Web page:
As such, an 8-week psycho-group therapy was piloted to facilitate parents’ acceptance of their children with ASD through increasing awareness of their attachment styles, their coping strategies and facts about ASD. Six participants participated in the group therapy. Preliminary analyses, based on their written and verbal responses, appear to suggest that parents with insecure attachment styles tended to use ineffective coping strategies (e.g. denial: “remain silent”) as compared to more effective coping strategies (e.g. problem-focused “explain my thoughts”). There appears to be a shift in the perspective of their children and parenting from deficit focused (e.g. “Stay in his own world”) to more acceptance statements (e.g. “Patience”).
- Methods of Clinical Psychology/E-Therapy and E-Counseling/Clinical Psychology Instruments
Institute of Mental Health Singapore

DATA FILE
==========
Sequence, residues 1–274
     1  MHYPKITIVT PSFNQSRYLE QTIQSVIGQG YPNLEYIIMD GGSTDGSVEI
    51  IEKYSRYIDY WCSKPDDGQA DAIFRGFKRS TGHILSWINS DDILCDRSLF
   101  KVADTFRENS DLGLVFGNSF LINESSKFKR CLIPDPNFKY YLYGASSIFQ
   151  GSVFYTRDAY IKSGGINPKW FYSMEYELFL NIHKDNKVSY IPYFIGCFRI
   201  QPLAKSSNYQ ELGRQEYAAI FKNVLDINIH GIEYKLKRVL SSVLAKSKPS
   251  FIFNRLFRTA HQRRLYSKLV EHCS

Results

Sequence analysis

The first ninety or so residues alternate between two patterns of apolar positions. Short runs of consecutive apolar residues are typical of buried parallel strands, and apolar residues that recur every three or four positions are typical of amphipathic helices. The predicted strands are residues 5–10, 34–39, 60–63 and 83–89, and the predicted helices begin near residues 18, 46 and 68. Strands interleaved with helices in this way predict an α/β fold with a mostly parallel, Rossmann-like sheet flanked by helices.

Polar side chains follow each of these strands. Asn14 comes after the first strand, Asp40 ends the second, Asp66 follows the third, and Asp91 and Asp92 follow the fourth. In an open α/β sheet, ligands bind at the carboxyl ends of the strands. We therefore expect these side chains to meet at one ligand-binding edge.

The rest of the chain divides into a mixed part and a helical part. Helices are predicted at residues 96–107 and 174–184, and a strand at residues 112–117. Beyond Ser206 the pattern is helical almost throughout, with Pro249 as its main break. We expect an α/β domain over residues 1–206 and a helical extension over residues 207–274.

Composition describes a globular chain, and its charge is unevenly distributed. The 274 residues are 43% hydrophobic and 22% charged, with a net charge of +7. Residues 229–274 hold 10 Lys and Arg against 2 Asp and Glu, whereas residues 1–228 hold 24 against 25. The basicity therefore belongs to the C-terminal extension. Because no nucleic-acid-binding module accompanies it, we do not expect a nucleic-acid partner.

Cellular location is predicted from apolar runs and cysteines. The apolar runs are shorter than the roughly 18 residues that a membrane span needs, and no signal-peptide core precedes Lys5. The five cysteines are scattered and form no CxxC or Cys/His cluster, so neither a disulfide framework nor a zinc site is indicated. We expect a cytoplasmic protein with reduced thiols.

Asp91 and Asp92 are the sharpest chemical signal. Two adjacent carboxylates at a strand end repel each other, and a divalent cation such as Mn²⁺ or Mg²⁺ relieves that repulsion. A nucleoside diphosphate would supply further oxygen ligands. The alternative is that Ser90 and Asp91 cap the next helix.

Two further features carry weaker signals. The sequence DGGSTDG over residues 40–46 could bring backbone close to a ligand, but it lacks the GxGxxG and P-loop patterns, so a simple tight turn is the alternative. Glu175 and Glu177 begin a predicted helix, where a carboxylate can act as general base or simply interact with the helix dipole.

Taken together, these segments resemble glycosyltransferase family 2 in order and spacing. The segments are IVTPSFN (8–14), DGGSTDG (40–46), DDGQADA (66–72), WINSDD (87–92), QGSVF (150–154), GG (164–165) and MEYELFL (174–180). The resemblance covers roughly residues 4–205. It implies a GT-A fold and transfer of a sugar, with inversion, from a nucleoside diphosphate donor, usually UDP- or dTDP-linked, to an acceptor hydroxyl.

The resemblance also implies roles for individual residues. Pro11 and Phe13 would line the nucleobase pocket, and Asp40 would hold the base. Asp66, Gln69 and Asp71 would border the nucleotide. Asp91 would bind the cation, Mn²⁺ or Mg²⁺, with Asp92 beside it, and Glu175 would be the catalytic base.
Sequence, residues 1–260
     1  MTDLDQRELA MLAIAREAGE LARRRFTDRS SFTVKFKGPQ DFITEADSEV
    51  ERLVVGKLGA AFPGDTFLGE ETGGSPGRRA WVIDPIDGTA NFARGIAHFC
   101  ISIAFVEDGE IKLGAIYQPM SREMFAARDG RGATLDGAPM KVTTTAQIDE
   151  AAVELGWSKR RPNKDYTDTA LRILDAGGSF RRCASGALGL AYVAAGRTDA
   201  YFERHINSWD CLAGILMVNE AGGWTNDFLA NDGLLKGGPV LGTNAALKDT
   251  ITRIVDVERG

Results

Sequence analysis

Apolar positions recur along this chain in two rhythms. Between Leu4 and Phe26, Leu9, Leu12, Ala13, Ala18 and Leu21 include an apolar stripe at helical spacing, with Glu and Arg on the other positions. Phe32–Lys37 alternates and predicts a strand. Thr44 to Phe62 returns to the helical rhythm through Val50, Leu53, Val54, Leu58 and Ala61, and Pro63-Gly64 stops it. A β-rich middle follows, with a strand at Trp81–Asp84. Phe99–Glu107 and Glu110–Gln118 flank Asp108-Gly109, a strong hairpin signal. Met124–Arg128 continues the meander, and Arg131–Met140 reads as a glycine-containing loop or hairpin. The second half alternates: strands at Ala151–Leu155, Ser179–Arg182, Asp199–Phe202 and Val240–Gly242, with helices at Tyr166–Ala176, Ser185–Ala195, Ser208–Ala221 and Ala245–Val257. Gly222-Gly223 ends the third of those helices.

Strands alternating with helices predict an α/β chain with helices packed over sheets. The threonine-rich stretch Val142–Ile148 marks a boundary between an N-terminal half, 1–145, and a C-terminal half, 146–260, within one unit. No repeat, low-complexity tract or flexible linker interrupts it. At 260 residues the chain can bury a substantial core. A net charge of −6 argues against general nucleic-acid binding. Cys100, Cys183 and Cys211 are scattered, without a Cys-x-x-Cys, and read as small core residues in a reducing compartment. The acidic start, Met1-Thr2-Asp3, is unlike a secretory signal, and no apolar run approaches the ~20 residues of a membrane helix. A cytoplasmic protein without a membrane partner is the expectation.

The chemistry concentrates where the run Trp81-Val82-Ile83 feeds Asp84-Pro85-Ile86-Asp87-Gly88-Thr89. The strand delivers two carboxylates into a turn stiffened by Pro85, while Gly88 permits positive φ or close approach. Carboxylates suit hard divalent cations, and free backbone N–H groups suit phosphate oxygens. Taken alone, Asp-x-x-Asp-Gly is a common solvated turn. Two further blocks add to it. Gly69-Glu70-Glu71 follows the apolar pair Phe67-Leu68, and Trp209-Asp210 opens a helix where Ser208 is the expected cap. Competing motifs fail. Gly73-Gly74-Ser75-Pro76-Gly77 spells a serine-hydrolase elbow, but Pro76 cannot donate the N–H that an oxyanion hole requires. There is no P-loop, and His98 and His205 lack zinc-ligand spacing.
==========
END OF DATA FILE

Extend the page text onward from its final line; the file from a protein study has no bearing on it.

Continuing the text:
Lawrence Tan kok Kah MA, CGAC, SCAC, CSC, Registered Psychologist (SPS), Approved Clinical Supervisor (SPS) is a Senior Psychologist with the National Addictions Management Service (NAMS). Having worked with the department for the past 11 years, Lawrence manages patients with both substance (drugs and alcohol) and process/ behavioural (gambling, cyber-gaming, compulsive sexual behaviours) addictions. As a head of gambling treatment services and key member of the treatment evaluation work group, Lawrence plays a critical role in the organization’s treatment and research initiatives, and tracking of outcomes of interventions. Lawrence regularly conducts both public education talks and training for professionals on managing addictive behaviours. In 2009, He was awarded a Health Manpower Development Program scholarship for a two-month attachment at the Problem Gambling Services, State of Connecticut, Department of Mental Health, US, where he further enhanced his clinical expertise in gambling disorders. He was also awarded the NHG Teaching Award for Non-Physicians in 2012. He has also been in the consulting team with NAMS when the Tokyo Metropolitan government visited Singapore for a discussion on best practices in gambling treatment and social safeguards. In 2013 and 2016, he was invited to APBAM (Asia Pacific Behavioural and Addiction Medicine) conference to speak about gambling related psychosocial treatment.